In recent months, unemployment in the United States has reach record lows—the result of a thriving economy, a more mature workforce, and a more educated population (generally speaking, of course).
While low unemployment is widely accepted as a good thing, we can’t ignore the fact that it affects groups of people differently. The two groups most strongly affected: job seekers and employers.
We won’t go into the intricacies of unemployment and business economy, but we do find it fascinating how low unemployment rates affect staffing strategies (that is, after all, what we do). Today, we’re breaking down how low unemployment affects both job seekers and employers, and how they can leverage the benefits and overcome the challenges that low unemployment brings.
For job seekers
If you’re looking for a job in a time of low unemployment, you should consider yourself lucky. The low unemployment rate likely means that there are plenty of open positions just waiting to be filled. No, it doesn’t necessarily mean you’ll be able to snag your dream job right away, but it does mean that, most likely, you will at least have options.
Here are some things to keep in mind if you’re a job seeker in a low unemployment market.
- You can expect some extra benefits. When employers are trying to attract good talent, they are more likely to offer generous compensation packages and benefits. If there is something that is important to you, whether it be decent health insurance, a flexible vacation policy, or the ability to work from home, you’ll likely be able to find it. Still, now is not the time to be greedy. Communicate your priorities and be fair in your negotiations.
- Companies are looking for loyalty. Turnover hurts a company’s profits, and when unemployment is low and companies are vying for the best candidates, some employees tend to “job hop” a bit, in search of greener pastures. If you can demonstrate that you plan on sticking with the position for the foreseeable future, that’ll work in your favor.
- Hone your skills. As companies get desperate to fill seats, they may settle for employees with lower skill levels, just so they can hire someone who will get the job done (even if it is in a mediocre fashion). That means that if you have a truly impressive skill set, you’ll have an edge over the competition.
Companies enjoy the benefits of unemployment as much as anyone, but low unemployment rates can also present a challenge. You may find that there are fewer people actively searching for jobs, meaning you may have a harder time filling any open positions in a timely manner. Your current employees might also be tempted to look at other job opportunities, if those other companies are trying to recruit workers with impressive benefits.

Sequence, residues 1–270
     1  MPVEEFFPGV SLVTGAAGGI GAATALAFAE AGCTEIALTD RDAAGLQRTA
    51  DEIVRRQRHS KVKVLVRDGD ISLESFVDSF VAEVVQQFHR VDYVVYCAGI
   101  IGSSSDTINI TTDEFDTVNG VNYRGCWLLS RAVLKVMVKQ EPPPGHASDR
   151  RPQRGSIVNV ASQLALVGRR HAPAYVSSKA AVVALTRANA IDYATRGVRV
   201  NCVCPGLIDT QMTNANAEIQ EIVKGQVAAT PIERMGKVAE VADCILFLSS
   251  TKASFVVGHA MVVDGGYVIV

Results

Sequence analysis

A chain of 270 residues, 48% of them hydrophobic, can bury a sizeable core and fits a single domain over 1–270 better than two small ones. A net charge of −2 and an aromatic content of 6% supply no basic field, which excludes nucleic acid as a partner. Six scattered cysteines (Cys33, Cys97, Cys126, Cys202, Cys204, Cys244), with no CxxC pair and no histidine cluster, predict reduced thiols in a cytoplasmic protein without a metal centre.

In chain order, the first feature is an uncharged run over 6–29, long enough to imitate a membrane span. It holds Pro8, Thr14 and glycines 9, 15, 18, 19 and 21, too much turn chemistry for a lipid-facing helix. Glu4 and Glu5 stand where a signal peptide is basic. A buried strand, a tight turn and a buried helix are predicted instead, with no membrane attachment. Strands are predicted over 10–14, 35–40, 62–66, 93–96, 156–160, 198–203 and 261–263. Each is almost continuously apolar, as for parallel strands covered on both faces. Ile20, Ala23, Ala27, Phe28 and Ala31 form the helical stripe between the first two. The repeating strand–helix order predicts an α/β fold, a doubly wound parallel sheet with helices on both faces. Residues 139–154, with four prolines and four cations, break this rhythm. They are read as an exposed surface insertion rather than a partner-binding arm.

But don’t give up hope. There are still things you can do to help you fill those positions. Here are our suggestions.
Focus on culture. A strong culture can not only attract new talent, but it can also make it more likely that your current employees will stick around. Culture includes everything from your company values to your company policies, and if it’s leveraged properly, it can make your employees feel valued. For more details on building a strong company culture, check out our blog post on building culture to counter the revolving door.
Do your research. Have you noticed that some of the best candidates are taking jobs at certain companies? Do you know why? Zeroing in on those distinguishing factors could help you make adjustments that make your company more attractive to top talent. You should also be ready to do your research on candidates as they apply. Don’t settle for a mediocre option out of desperation. Check references, test skills, and conduct thorough interviews to make sure you don’t make any hiring mistakes.
Use a staffing agency. If you’re trying to make hires during a time of low unemployment, a reputable staffing agency could make all the difference. EDI Staffing, for example, has access to a expansive database of industry professionals, as well as a team of recruiters who specialize in specific fields. It all adds up to an efficient, thorough hiring process that helps you find a qualified candidate quickly and painlessly. It’s the most convenient way to work through a time of low unemployment—and it could help you avoid costly mistakes.
Low unemployment is generally a good thing, but it can bring some challenges, too. No matter which group you find yourself in, as long as you can develop an effective hiring or job hunting strategy, you can make the low unemployment rate work for you.
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